There are things we can do as women to help create a more sustainable future for all of us:

1. Be curious. Embracing a questioning mind by asking ‘how do you know?’ is a frequent discussion among women. In our recent webinar with sustainable travel expert Anna Pollock, our 2022 JourneyWoman Award winner, she recommended asking the following questions to people and communities when we travel: 

  • How can I help the people and this place thrive?
  • What are the issues you’re facing and how can I contribute?
  • How can my guests be of service to you/ your community?
  • Listen, and feel the pulse.

2. Support women and women-owned businesses in the tourism industry: Our ethos at JourneyWoman is to empower women through travel. As we consider the future of travel, we have an opportunity to recast many practices that were damaging to the environment, animals and communities.

One example of our commitment to this isour Women’s Travel Directory, which is the largest resource for women-friendly travel in the world. These women entrepreneurs provide small, highly personalized tours for women and take safety and community involvement seriously. Several of the tour operators in our community have launched funding campaigns to help local communities in hard-hit areas such as Kenya and Bali – they realize that we are all connected and dependent on each other. Read more about how we can empower women through travel here. 

3. Show gratitude for those doing it right: As Mary Poppins said, a spoonful of sugar helps the medicine go down. As with any behavioural shift (e.g. wearing seatbelts, smoking in public spaces) role models are needed to support positive change and reinforce good behaviours. We invite all women to use our platform as a forward-moving force for good. If you have a story to share,  write for us!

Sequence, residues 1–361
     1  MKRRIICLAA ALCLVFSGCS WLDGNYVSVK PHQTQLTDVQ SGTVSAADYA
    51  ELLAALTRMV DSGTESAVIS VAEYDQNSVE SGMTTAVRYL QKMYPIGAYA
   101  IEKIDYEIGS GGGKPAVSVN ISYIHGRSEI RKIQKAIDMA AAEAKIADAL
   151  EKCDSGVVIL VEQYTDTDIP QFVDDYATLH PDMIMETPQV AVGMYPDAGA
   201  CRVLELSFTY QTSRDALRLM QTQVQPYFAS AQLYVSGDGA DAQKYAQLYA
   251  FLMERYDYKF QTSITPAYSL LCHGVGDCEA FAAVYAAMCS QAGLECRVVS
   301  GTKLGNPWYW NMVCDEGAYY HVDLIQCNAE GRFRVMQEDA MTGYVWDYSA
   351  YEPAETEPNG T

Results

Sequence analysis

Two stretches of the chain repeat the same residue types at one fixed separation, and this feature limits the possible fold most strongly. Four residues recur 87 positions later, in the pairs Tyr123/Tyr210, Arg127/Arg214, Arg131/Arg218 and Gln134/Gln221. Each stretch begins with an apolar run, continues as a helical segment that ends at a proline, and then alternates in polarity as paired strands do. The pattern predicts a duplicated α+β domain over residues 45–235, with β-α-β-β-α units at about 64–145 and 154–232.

Want to learn more about Sustainable Travel?

Read the articles in our Sustainable Travel section which provide tips. andstories on wildlife conservation, volunteering and choosing animal-friendly experiences.

Our Slow Travel Resource Center has information on finding long-stay accommodations, less-travelled places and budget travel. 

About the film

As well as Bruce Poon Tip, The Last Tourist features the world’s leading travel and tourism visionaries including Dr. Jane Goodall (Jane Goodall Institute, United Nations Messenger of Peace), Lek Chailert (Save Elephant Foundation), Gary Knell (National Geographic), Meenu Vadera (Sakha Cabs For Women) and Jonathan Tourtellot (Destination Stewardship Center). The Last Tourist had its U.S. premiere in March at the Santa Barbara International Film Festival, and is available on video-on-demand via Apple, iTunes and on HULU from June 1.

Watch the trailer below.

A passionate traveller, Carolyn believes anything is possible when we follow our heart and trust our intuition. Raised in Florida, Carolyn loves all things Latin, margaritas, the ocean and music. She's a board member of the Society of American Travel Writers (SATW), a member of the Travel Media Association of Canada (TMAC) and the North American Travel Journalists Association (NATJA).